Super Bowl: Are Ads Worth The Millions?
In an H&M ad to air during the Super Bowl, David Beckham poses in briefs to promote his Bodywear line. But what seems like a surefire attention-getter could be a multimillion-dollar mistake. Kirk Wakefield, a professor at Baylor University's Hankamer School of Business, said that as a soccer star, Beckham is not the kind of footballer with whom many Americans can identify.
"Clearly, almost no brand targets all of the 160 million people watching," Wakefield told The Huffington Post. "But it better be a substantial amount of that 160 million. "
The hoopla behind Super Bowl ads has spawned a team of skeptics. Growing research shows the $3.5 million that advertisers are paying for 30 seconds during Sunday's game between the New England Patriots and New York Giants often isn't worth the cost.
"If your goal is to get your name out to your target audience, you can find that cheaper somewhere else," Wakefield said.
Wakefield published an article Monday sacking the wisdom that mass exposure on a Super Bowl scale is better. Unless a company is introducing itself or is an established brand that can connect football to its product, such as Coke and Budweiser, millions will be wasted, he said.
With companies dizzy from a rollercoaster 2011 in sales and on the stock market, the Super Bowl presents a platform for quick recovery. But it isn't the Madison Avenue mecca it's cracked up to be, analysts claim. Academics and other naysayers have piled on in recent years against the perceived advantage of pushing product to a broad demographic. Last year, nearly 163 million people watched the game nationwide at some point, according to Nielsen. The chance for a message disconnect runs high.
Among the other advertisers this time around are Audi, Pepsi, Honda, Kia, GoDaddy.com, Doritos and Dannon. The History Channel, Century 21 and H&M are a few of the Super Bowl first-timers. Freshness is an advantage, but Beckham likely won't bend it to the customer target because, female ogling aside, he isn't aligned with a high-profile American sports team that can ignite a passionate connection to the buyer, Wakefield added.
Branding consultant Rob Frankel of the Frankel and Anderson agency in Los Angeles is another opponent of the ad world's win-at-all-cost approach to the big game. He griped that the advertising no longer sells stuff. Because the time is so expensive, there's also no repetition -- a cornerstone of advertising. And there's little else to inspire product retention. Super Bowl spots have become memorable for their presentation but forgettable in terms of what they're trying to persuade consumers to buy, he said.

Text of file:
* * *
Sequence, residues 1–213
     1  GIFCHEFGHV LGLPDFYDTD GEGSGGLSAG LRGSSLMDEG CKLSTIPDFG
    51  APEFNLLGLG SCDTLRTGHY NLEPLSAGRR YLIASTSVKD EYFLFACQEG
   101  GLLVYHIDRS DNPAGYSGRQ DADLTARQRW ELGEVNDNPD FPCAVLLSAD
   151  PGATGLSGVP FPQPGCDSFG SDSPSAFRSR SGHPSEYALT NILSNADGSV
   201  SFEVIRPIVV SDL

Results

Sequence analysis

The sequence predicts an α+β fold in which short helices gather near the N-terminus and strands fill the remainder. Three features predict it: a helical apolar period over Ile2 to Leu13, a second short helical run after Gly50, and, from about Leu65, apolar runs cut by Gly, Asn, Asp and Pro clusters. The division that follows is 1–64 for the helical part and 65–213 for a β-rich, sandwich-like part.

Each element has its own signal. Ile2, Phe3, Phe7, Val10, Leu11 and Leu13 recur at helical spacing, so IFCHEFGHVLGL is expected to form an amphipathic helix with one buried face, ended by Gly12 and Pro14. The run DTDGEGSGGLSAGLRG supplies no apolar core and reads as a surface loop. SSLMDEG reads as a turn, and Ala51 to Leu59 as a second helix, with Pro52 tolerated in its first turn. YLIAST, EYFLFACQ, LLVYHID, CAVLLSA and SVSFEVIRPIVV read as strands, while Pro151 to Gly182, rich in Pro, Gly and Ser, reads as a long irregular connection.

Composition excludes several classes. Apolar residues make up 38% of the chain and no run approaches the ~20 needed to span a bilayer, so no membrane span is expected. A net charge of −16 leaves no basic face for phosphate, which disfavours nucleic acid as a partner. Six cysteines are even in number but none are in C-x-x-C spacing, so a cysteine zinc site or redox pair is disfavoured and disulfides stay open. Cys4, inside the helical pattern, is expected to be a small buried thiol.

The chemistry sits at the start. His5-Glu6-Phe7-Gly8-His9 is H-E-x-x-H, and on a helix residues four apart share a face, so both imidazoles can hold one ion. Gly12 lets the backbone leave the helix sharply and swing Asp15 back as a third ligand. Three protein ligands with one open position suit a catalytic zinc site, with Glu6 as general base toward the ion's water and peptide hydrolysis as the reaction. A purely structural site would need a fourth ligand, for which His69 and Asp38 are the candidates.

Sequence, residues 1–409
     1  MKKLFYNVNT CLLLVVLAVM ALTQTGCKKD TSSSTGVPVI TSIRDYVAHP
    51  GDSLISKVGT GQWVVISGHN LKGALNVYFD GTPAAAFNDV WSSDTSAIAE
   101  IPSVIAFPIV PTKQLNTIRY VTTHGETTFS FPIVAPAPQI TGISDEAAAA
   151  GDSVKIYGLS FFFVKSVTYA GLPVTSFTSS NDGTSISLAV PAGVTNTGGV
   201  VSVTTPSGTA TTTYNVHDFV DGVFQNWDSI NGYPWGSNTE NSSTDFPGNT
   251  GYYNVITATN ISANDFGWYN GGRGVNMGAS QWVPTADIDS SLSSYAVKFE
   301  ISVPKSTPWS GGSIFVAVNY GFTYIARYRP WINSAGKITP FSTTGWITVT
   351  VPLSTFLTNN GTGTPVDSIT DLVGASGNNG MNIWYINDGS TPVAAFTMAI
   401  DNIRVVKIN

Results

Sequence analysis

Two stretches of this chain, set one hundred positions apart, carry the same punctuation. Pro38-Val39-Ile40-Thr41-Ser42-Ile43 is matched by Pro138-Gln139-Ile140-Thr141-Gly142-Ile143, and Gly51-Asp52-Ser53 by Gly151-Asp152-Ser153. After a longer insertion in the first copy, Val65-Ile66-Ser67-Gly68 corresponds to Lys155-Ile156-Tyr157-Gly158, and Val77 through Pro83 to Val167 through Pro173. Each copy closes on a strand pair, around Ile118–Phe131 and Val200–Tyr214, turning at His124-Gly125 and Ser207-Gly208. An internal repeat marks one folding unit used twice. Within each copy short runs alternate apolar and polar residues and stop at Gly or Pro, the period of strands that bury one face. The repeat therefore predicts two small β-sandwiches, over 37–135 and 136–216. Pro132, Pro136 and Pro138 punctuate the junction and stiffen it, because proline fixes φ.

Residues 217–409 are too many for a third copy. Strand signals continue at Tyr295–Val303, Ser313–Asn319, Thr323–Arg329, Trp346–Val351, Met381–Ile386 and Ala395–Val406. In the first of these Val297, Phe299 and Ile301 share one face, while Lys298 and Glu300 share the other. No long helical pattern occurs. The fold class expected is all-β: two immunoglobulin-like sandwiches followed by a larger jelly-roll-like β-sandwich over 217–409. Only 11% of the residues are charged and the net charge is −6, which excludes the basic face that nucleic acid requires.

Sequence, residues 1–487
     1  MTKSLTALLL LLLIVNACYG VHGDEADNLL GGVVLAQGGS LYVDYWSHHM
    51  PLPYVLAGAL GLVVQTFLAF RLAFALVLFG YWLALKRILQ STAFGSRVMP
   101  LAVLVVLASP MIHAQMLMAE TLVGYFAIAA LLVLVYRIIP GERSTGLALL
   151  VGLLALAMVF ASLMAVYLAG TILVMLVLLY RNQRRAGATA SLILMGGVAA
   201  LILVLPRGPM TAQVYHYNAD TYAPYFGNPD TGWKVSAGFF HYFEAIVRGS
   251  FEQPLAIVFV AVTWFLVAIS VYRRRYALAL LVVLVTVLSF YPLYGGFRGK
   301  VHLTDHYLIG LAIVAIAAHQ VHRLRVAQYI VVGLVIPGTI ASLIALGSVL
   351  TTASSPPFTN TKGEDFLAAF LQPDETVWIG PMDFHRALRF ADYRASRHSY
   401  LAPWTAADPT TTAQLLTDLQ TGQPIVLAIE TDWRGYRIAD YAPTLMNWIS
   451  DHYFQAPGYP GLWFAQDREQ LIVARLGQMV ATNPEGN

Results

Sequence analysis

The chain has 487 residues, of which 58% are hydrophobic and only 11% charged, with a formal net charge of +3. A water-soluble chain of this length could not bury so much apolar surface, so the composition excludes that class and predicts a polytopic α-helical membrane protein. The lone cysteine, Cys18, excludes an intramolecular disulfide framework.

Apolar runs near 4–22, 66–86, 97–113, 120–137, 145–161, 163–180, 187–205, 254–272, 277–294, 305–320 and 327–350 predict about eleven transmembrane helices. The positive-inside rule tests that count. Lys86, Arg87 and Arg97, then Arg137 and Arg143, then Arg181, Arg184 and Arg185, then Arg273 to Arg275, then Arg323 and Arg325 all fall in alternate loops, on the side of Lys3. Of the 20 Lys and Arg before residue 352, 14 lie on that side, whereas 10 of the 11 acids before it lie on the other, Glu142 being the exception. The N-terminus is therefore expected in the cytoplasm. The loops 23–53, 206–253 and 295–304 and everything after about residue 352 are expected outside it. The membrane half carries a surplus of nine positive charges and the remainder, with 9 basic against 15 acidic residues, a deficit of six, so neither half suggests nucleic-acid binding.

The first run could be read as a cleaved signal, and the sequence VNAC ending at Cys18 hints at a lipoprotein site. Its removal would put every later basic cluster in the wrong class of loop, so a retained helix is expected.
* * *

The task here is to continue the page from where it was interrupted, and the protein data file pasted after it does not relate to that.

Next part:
"What you see on the Super Bowl is less a marketing tactic than a self-glorification tribute among ad agency creative people, each one vying for the attention they never got as children," he said.
Most companies would be better off airing 10 commercials elsewhere at $300,000 or so a pop than blowing their budget on one Super Bowl slot, according to a recent Purdue study. Researchers there interviewed 100 viewers after the 2010 Super Bowl and very few could link the ads with the products.
Using celebrities doesn't work anymore, either. A pair of University of Wisconsin-Eau Claire professors studied all 538 Super Bowl ads that aired between 2000 and 2009 and determined that famous flops. The findings don't bode well for several celebrity-fueled spots this year, including Century 21 (Donald Trump), Skechers (Mark Cuban) and GoDaddy.com (Jillian Michaels). Animals and kids, however, remain powerful tools. Good news for Coca-Cola's polar bears, Volkswagen's dog choir and for E-Trade's talking baby.
One marketing expert said companies gain more by announcing their ad's entry in the Super Bowl. Forget the actual airing of the commercial. Margaret Campbell, a professor at Colorado's Leeds School of Business, studied publicly traded Super Bowl advertisers from 1989 to 2003 and found that their stock value rose shortly after the media hyped the ads' upcoming appearance. (The exception was Super Bowl regulars.) Nowadays the announcement often comes with a sneak preview on YouTube or elsewhere on the Internet.
"The market is supposed to respond to news," she said. "The news is when people say they're purchasing the Super Bowl ad."
Given the new wave of doubt over Super Bowl advertising, investors better think twice before jumping on a stock because its product is going to advertise in the big game.
"It's more of a water cooler discussion than an investment choice," said Mitch Slater, senior vice president of investments at UBS financial services. "People don't make their investment choice for the year based on a Super Bowl commercial. At least I hope so."